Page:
Spanish Boats laying 35 Miles of nets west of Shetland


Shetland fishing vessels are being hampered by large Spanish boats using the benefit of UK registration to shoot miles of net west of Shetland.

Tangle nets up to 35 miles long are obstructing local boats fishing their traditional grounds, and even inside the 12 mile limit. The Shetland Fishermen’s Association and Shetland MSP Tavish Scott are asking the Scottish Government to intervene to avoid damage to local vessels’ fishing gear.

A voluntary code of practice was negotiated in 2013 that would have shared the fishing grounds equitably between Shetland and mainland Scottish vessels on the one hand and the Spanish companies operating tangle-net boats on the other. But that deal fell through on the Spanish side at the very last moment.

The situation is now worse and local boats want protection from their government. Tavish Scott met the SFA and local skippers on Friday to discuss the worsening situation.

Tavish Scott said, “Spanish and other vessels are acting aggressively in waters very close to the Shetland coastline. They are laying down miles of gillnets – a type of tangle net – that can cover up to 35 miles each. These vast nets are obstructing local boats in their normal fishing activities.

“There is a sensible way forward involving an agreed code of practice. That would mean much larger vessels fishing further west leaving the inshore waters for whitefish boats from both Shetland and other parts of Scotland. This agreement would have been in place but for last-minute demands from the Spanish side that had nothing to do with Shetland. Now the situation is getting out of hand. Shetland skippers are telling me how dangerous these Spanish fishing practices are. And 35 miles of net from a single boat effectively prevents six of ours fishing their traditional grounds.

“So I want the Scottish Fisheries Minister to step in and use his influence to keep vessels apart and protect local businesses. The Scottish Government have great powers of regulation. These must now be used to avoid an unnecessary conflict.”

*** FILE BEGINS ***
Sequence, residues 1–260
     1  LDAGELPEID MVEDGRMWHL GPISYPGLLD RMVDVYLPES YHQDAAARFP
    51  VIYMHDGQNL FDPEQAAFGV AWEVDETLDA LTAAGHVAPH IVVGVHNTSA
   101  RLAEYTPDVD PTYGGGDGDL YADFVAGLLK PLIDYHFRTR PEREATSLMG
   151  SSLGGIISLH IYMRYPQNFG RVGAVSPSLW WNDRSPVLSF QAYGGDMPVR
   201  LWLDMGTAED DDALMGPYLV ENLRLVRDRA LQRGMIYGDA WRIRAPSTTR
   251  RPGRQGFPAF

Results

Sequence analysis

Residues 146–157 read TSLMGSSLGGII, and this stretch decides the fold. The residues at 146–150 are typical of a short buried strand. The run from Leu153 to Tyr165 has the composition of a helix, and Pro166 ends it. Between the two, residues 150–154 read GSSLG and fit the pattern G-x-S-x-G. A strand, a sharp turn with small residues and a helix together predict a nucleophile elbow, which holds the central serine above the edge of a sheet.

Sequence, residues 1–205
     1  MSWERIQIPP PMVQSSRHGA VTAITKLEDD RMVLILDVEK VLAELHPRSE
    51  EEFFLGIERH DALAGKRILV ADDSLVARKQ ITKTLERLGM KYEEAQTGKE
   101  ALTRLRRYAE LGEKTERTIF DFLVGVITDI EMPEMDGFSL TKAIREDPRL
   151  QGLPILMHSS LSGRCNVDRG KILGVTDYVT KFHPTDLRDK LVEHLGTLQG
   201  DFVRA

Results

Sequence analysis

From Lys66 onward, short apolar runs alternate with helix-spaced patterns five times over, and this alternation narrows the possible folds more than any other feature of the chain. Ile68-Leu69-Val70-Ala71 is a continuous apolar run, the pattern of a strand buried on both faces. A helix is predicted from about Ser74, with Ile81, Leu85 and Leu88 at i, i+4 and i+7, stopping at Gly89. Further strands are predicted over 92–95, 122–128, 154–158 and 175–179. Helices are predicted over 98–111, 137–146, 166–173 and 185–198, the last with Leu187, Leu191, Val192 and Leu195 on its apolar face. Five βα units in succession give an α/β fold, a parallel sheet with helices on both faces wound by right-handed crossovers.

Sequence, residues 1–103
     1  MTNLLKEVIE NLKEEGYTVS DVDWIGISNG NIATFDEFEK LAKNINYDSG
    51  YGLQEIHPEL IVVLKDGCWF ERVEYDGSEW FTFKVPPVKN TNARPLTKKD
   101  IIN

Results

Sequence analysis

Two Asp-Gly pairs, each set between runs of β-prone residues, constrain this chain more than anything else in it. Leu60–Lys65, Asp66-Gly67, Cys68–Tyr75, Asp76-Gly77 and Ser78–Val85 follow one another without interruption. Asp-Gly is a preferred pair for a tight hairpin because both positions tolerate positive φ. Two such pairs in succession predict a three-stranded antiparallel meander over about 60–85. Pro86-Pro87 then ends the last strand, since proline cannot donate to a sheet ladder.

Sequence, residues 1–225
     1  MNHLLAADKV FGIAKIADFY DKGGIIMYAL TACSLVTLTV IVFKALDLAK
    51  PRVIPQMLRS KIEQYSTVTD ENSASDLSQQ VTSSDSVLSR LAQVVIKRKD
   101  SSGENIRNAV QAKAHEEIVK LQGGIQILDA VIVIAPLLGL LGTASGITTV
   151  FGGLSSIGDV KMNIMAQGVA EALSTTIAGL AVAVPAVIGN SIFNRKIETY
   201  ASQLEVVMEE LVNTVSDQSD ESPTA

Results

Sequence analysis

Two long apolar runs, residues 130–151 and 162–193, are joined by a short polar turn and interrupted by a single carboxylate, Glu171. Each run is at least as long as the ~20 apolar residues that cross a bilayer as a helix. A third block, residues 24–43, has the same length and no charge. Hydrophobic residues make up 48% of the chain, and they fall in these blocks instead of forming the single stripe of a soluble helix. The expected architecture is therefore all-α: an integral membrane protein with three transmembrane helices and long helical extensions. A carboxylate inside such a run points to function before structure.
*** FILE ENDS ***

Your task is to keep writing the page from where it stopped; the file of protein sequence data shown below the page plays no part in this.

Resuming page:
Shetland Fishermen’s Association Executive Officer Simon Collins said, “The present situation cannot continue. It is completely unacceptable for a handful of vessels owned and operated from outside Scotland to drive our fleet off grounds we have fished for generations. The Scottish Government played a very creditable part in brokering a voluntary agreement that could have avoided conflict, but unfortunately now needs to take a tougher line, either on its own or in partnership with the UK authorities.”

In 2013 Tavish Scott asked Parliamentary questions on Marine Scotland’s enforcement of fishing regulations and the gillnet fleet operating west of Shetland. At that time the Scottish Government had not prosecuted any gillnet vessel and Richard Lochhead said that the government were in active discussions in an attempt to avoid infringements.

Tavish Scott added, “Marine Scotland are right to have worked on a solution. A voluntary code of practice covering a technical agreement was a sensible objective. We know that in one year, 2012-13, marine Scotland officers boarded gillnetters outside the 12 mile limit 10 times. So the government do know there is a real problem. That is why the fishing industry now need them to take concrete action.”


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